Leonid McGill is back in TROUBLE IS WHAT I DO

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Trouble Is What I Do (#6 Leonid McGill Series)
By Walter Mosley

I’m new to Walter Mosley’s mysteries. So, let me explain how this smooth, polished black man in a fedora caught my eye. If the gorgeous cover wasn’t enough, toss in an attention-grabbing title, you can only say INSTAGRAM MADE ME DO IT.

The latest installment is utterly absorbing. He’s a middle-aged ex-boxer and former career criminal. He is the kind of guy you must keep an eye out for. As describe by one of the many colorful characters:

“This man you’re walking up on is Leonid McGill. He’ll break half the bones in your body for business and the other half for fun.”

It’s very hard to review without quoting so much excellent dialogue. There are too many to highlight. The wisecracking banter is some of the best I have read.

“ Back then there was no such word as innocence in my lexicon. An innocent man or woman was simply the lucky one found not guilty, or better, never even charged.”

Leonid living in New York City is the perfect backdrop. The detailed streets of NYC are an excellent secondary character. Leonid moves from the Upper East Side, Financial District and Harlem as if he’s your personal tour guide. He’s also deals in favors with some of the most notorious gangsters. Therefore, if you want a job done you go to Leonid. He’s connected , feared and revered among the criminal underground.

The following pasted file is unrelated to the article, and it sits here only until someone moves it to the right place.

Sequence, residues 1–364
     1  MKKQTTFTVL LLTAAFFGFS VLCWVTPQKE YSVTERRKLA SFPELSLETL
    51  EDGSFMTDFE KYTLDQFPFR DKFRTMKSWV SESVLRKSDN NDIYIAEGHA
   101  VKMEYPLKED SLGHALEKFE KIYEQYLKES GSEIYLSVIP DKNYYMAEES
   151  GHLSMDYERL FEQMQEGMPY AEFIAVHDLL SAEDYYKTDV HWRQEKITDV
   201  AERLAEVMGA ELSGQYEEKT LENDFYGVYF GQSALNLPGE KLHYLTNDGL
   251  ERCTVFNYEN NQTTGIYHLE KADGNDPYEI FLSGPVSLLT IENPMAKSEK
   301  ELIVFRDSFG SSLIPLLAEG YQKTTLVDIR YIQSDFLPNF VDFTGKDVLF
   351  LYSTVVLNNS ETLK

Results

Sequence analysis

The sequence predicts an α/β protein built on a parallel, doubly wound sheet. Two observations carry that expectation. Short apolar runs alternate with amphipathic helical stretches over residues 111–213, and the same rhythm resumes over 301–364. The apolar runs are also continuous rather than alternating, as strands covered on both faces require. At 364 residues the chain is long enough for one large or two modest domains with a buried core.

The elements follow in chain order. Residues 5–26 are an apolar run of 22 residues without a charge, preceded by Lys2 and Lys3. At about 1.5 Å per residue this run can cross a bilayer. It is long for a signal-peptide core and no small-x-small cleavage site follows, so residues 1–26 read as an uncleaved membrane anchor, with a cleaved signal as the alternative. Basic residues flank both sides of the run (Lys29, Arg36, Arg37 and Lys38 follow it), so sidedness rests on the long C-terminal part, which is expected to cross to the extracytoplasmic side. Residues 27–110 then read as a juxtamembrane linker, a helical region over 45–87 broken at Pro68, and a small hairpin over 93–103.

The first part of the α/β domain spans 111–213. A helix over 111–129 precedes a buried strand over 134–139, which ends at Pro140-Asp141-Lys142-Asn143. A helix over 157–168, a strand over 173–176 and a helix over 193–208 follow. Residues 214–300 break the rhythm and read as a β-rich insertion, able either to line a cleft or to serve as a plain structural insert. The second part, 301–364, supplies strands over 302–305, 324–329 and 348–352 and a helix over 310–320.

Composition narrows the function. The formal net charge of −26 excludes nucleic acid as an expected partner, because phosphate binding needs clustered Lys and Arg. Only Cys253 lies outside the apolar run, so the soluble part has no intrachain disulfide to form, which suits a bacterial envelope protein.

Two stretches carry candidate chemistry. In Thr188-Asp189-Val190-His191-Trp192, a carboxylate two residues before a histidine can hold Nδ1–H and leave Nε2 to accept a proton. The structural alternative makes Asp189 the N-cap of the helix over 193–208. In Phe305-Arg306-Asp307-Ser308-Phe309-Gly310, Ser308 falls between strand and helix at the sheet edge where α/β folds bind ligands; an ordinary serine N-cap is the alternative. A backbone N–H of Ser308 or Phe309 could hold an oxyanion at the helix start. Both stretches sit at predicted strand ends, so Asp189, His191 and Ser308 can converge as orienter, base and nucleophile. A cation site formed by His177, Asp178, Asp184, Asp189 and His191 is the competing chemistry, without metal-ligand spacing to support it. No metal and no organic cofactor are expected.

“…maybe you’re not fully aware of my standing in our community. If I say I need to talk to somebody, then they need to talk to me.”

92-year-old Catfish Worry from Mississippi hired Leonid to deliver a letter to a billionaire heiress before she gets married to explain her family’s Black heritage roots. Racial identity played a significant character in Trouble Is What I Do. We see how the dangers and fears of passing as white create consequences for Charles and Justine Sternman.

The job is a piece of cake, right? Simply delivery a letter. There are, however, chaotic forces at play to prevent him from completing such an easy task. Along the way, her billionaire father is trying to kill him, his colleagues and Catfish, the client who hired him.

Now that I have found the joys of Leonid McGill, my mission is to tackle the previous books. Colorful characters. Outstanding dialogue. Page turning storytelling.  Publishers list the book at 176 pages.